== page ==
The political fight over Obamacare’s optional Medicaid expansion has emerged as a partisan issue — while Democratic-controlled states have agreed to expand the public health program, GOP-led states remain resistant to anything that might seem like cooperating with the health reform law. But it’s not just a divide between blue and red. Medicaid expansion also has the potential to widen the gulf between urban and rural America.
At a recent conference on rural health care, health economists warned that the battle to implement health reform has huge implications for rural areas of the country, which already tend to lack access to a wide range of medical services. When researchers look specifically at the rural residents who could gain coverage under the Medicaid expansion, more than half of them live in states that have refused to expand the program. The opposite is true for the people who live in urban areas — more than half of the urban residents who could become eligible for Medicaid coverage under Obamacare are living in states that have accepted the expansion.
That’s why Tim McBride, a health economist with the Rural Policy Research Institute’s Center for Rural Health Policy Analysis, sees Medicaid expansion as a “rural issue.”
“I don’t see an upside to not expanding,” McBride told hospital administrators and health care professionals at the recent conference. “The truth is, this will be really important money for rural hospitals, rural health providers, rural communities.”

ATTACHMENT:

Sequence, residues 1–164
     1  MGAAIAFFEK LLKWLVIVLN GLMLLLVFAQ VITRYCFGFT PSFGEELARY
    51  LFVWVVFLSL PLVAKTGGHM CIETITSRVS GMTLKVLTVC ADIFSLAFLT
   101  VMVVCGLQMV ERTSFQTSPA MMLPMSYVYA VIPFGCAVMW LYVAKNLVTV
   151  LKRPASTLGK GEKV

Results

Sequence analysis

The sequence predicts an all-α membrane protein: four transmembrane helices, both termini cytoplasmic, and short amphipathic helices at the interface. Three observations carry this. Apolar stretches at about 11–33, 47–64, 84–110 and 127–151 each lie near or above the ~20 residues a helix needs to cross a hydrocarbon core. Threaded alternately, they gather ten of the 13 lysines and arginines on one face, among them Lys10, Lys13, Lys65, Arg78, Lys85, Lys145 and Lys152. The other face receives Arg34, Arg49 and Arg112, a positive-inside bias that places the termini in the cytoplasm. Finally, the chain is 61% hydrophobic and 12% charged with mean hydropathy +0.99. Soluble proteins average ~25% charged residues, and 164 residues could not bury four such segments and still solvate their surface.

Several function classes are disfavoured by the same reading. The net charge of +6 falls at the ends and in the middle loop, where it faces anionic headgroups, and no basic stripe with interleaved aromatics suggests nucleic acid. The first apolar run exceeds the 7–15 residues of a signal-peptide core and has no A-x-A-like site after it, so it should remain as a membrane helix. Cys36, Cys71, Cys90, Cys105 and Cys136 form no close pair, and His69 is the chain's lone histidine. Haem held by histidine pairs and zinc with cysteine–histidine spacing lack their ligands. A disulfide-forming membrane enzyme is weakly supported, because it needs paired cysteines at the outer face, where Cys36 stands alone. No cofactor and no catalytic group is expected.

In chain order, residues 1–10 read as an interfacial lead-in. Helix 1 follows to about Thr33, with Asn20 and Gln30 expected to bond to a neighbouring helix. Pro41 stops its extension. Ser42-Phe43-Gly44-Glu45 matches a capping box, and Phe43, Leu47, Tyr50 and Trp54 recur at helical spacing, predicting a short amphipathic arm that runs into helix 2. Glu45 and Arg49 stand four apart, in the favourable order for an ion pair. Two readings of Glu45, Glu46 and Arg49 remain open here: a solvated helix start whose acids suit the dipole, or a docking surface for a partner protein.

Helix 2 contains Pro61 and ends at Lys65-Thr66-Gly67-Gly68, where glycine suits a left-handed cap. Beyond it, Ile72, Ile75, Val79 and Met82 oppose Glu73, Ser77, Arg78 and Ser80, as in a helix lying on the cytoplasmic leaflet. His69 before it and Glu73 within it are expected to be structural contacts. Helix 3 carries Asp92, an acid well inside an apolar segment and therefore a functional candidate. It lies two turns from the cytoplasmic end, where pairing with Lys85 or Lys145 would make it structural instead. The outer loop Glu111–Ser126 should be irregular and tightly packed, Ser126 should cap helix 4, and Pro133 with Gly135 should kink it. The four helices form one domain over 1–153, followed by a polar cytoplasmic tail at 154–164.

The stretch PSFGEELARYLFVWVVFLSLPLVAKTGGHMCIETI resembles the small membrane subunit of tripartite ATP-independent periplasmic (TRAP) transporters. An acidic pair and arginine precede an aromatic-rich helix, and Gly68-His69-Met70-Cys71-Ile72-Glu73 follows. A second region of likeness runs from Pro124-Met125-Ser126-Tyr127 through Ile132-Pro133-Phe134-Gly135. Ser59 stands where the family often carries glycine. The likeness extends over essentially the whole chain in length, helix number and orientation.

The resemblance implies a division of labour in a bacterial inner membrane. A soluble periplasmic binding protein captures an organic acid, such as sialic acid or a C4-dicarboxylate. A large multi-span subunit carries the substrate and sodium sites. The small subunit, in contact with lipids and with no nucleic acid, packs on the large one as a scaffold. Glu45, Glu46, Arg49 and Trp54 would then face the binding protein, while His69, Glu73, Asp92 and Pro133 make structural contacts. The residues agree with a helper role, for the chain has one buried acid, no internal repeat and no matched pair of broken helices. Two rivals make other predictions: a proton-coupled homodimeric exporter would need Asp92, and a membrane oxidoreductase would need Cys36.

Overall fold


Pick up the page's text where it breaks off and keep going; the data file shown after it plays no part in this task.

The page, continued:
Obamacare partially funds the Medicaid expansion by making some cuts to hospitals’ reimbursement rates. Those cuts were intended to be eased by the hundreds of thousands of previously uninsured people gaining access to Medicaid, as well as the federal funds designated for states that choose to expand the program. But in states that have rejected the expansion, rural hospitals face cuts without getting any of the potential benefits to offset them. States like Missouri have projected that, without Medicaid expansion, up to 50 percent of the rural hospitals in the state are likely to be forced to close.
In additional to rural health care providers, rural residents also stand to significantly benefit from Obamacare’s expansion. Since the rural poor are less likely to have employer-sponsored health insurance, they’re therefore more likely to either rely on public programs like Medicaid or go uninsured. This is the population that the health reform law intends to reach through either the expanded state-level Medicaid pools or the new state-level insurance marketplaces that will open next month.
Previous studies have found that health disparities between rich and poor areas of the country are only getting worse. Health outcomes are increasingly tied to the zip codes where people live. And because the Republican lawmakers who continue to resist health reform govern some of the sickest and most uninsured areas of the country, they have the power to widen the gulf between the healthiest and sickest states even further. Nearly two out of three low-income Americans who are eligible for Medicaid coverage under Obamacare likely won’t get those benefits next year because their legislators are blocking them.